The male bathroom had a sign taped over the top of it: the sign read ‘Women’. Even with the number of toilets increased, the line still trailed a long way outside and down the hall. We were between sessions, or at lunch, I can’t remember, and the queue moved swiftly. Once inside, there were the stalls, the basins. It looked exactly like the female toilets. Too similar.

And there was the answer why – to our left, a thick black curtain was swathed across the urinals, hiding them from view. A woman, a few heads ahead of me, noticed this at the same time I did and doubled over with laughter.

‘What the heck?!’ she said to everyone (or no-one in particular). ‘Do they think we’ll get offended or something? Oooh, scary urinals! Unclean! Hide them from the ladies eyes!’

The rest of us chuckled. Or most of us did. There were a few people, who looked away, who I could tell were glad for a bit of… well, what was it? I’m still asking myself. Aesthetic relief?

Does this matter? Why am I opening this post about bathrooms, visibility and the tastefulness of decor? Because when it comes to festivals, events, what-have-you, they all come into play. And when you have 4000+ women, representing all facets and areas of life, these things can and do matter. Not to me, really, more than in passing anecdotal reference, but it shows that even in talking about it now I feel I need to root all reference to it in such phrases ‘In my personal opinion’ and ‘Speaking for myself’ etc.

Perhaps this means I enjoyed myself less than I felt the need to successfully navigate the waters of such a large spectacle.

And the answer to this is: Yes, maybe.

But let’s talk a little more specifically, shall we?

*

On the Thursday evening, we went to pick up our badges and complete our registration before heading off to the exhibitors area, just prior to the first party beginning. There, on multi-floors, were brands and companies engaging with bloggers, with food and freebies as tempting lures for starting conversations. However, as for me, I avoided eye contact as much as possible, already a bit spooked by the loud and bright brashness. Only after a drink (!) did I relax enough to do such things as talk to vendors and sit in a vibrating bath. Yes, that’s right. What does a vibrating bath feel like? Well remember when you’re a kid and you’re in a pool and you wonder what the sound of two stones being banged together sounds like? And you bang them and the sound carries through the water, strange and amplified, and with a subtle vibration. Think that, then multiply it.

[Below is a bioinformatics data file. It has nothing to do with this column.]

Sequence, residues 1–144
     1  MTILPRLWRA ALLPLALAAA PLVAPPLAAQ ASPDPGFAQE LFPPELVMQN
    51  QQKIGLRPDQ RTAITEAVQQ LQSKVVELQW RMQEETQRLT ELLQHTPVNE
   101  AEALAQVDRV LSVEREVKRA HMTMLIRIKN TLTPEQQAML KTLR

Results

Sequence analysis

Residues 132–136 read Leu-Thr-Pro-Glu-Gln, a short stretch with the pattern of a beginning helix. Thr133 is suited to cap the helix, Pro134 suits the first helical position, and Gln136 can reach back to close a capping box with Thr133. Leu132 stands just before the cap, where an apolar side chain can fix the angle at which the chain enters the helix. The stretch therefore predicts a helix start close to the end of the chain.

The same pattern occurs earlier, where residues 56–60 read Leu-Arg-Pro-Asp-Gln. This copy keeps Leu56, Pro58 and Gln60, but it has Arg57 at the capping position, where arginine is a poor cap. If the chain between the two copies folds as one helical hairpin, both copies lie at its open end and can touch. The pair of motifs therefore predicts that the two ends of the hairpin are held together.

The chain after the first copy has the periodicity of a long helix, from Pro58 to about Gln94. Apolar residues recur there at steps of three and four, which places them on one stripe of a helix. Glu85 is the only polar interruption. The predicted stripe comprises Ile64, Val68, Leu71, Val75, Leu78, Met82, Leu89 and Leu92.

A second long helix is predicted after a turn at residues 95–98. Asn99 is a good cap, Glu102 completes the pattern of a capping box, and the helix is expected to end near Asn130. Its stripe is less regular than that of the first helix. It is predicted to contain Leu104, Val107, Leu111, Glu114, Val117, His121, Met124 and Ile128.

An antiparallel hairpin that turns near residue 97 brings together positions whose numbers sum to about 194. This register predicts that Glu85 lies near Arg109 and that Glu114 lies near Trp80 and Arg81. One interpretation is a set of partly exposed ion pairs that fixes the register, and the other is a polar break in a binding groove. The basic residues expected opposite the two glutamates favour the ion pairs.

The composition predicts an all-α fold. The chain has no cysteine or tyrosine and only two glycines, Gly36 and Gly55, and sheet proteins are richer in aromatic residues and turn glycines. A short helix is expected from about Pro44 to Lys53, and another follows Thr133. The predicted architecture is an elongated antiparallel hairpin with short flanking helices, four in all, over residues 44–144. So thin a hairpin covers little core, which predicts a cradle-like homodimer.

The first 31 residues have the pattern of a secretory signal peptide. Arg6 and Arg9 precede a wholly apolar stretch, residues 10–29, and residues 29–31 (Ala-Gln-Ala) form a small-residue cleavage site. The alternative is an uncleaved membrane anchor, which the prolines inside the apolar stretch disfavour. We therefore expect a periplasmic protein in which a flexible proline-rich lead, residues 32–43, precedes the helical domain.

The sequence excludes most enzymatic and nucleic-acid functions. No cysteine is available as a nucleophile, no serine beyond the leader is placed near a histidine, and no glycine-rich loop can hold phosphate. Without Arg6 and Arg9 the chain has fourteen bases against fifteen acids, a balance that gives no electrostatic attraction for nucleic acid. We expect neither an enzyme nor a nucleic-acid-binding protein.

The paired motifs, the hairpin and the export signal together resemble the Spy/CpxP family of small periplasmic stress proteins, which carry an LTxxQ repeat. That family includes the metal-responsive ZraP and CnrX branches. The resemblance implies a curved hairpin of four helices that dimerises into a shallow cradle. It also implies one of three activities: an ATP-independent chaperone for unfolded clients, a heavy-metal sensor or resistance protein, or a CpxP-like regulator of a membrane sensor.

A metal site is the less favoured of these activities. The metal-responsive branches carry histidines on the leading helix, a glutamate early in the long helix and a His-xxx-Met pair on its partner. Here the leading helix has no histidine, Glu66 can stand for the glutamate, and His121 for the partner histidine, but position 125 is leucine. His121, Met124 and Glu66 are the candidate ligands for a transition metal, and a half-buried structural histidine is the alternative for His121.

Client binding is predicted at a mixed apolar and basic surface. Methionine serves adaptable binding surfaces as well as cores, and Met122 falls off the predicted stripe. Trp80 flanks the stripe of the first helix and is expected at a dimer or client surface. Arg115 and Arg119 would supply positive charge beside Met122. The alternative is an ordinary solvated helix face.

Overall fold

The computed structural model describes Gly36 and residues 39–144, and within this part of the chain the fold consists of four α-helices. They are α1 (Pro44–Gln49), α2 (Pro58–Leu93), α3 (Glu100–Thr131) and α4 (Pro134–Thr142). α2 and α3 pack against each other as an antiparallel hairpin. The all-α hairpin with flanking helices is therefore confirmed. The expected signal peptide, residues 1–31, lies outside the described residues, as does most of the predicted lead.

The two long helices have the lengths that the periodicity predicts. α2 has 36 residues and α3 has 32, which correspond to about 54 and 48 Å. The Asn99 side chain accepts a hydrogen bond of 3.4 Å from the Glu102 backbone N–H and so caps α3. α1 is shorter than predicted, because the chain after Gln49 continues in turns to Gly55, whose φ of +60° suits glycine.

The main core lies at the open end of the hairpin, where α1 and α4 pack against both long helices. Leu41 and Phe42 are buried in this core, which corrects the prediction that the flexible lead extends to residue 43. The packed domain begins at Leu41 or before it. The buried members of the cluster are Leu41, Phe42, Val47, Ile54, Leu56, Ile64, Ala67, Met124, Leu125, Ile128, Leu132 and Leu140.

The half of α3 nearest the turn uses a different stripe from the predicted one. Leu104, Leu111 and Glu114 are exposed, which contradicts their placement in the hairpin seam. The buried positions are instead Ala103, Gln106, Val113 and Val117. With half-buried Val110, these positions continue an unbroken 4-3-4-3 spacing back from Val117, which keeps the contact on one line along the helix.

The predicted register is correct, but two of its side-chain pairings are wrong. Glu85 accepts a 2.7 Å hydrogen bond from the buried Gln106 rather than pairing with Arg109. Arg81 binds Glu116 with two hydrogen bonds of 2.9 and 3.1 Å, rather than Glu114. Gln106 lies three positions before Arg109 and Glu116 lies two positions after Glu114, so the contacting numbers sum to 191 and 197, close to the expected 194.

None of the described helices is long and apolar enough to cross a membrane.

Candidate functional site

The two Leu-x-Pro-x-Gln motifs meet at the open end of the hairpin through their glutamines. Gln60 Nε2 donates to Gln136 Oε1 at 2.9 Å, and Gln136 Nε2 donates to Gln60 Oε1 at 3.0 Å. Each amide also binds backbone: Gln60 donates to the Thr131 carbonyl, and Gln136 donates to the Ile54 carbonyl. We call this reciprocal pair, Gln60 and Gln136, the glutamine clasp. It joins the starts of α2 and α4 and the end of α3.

Friday saw the beginning of the sessions which, honestly, I found a little disappointing. But then, I wondered if I was even in the right sessions, for me. I was in the one where they talked about how to turn blog posts into publishable essays and Maria later said to me, ‘But you knew how to do that already.’ And I thought, yes, she’s right. Then again, in another session, a panelist warned veteran bloggers not to be too complacent, and I thought, yes, she’s right too. Perhaps I should’ve been in the sessions about activism, or blogging from the heart, or celebrating small blogs.

Perhaps I don’t fit anywhere.

This is why I skipped the morning of the second day – I’m writing a travel article at the moment and needed to do a little research down in the Village and it was the liberating excitement of that choice (no, I don’t have to be there; I can miss x, y, or z session and be okay with that) that was, oddly, cheering.

But the trip was still worthwhile, oh, yes, it was. Let me explain why.

Americans are miles better at small talk than Australians. That weird, limbo time period between when you arrive at a function and it actually starts? There it went quickly. Someone will sit down, say hello, ask a question, be interested in your response and boom! Fifteen, twenty minutes gone. Inevitably, once they got wind of my accent, there was the asking of where I came from and – judging from the amazed reaction – the similar dazed question of why? Why come all that way?

My answers were thus: I’ve always wanted to, I’ve known some of these bloggers for as long as I’ve been blogging, I admire many, I read others, I’m curious, I’m here wanting to be inspired/please inspire me.

This might have all been more intense or poignant than it eventually turned out to be because now we do have our own blogging events in Australia, and I’m involved in organising them for work, so the novelty factor is less. I also can’t help but wonder if BlogHer for Australians is less of the blogging pilgrimage than it once was and now more of a professional obligation or expectation: the status of having ‘made it’ can be crowned upon a person after returning. Perhaps yes, perhaps no.

As for me, I enjoyed myself, and I won’t forget the honour of being a Voice of the Year finalist (which is being turned into an ebook, so that’s exciting). Next year, BlogHer will be in Chicago. The question is: will I save for that or BlogWorld?

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Karen Andrews is the creator of this website, one of the most established and well-respected parenting blogs in the country. She is also an author, award-winning writer, poet, editor and publisher at Miscellaneous Press. Her latest book is Trust the Process: 101 Tips on Writing and Creativity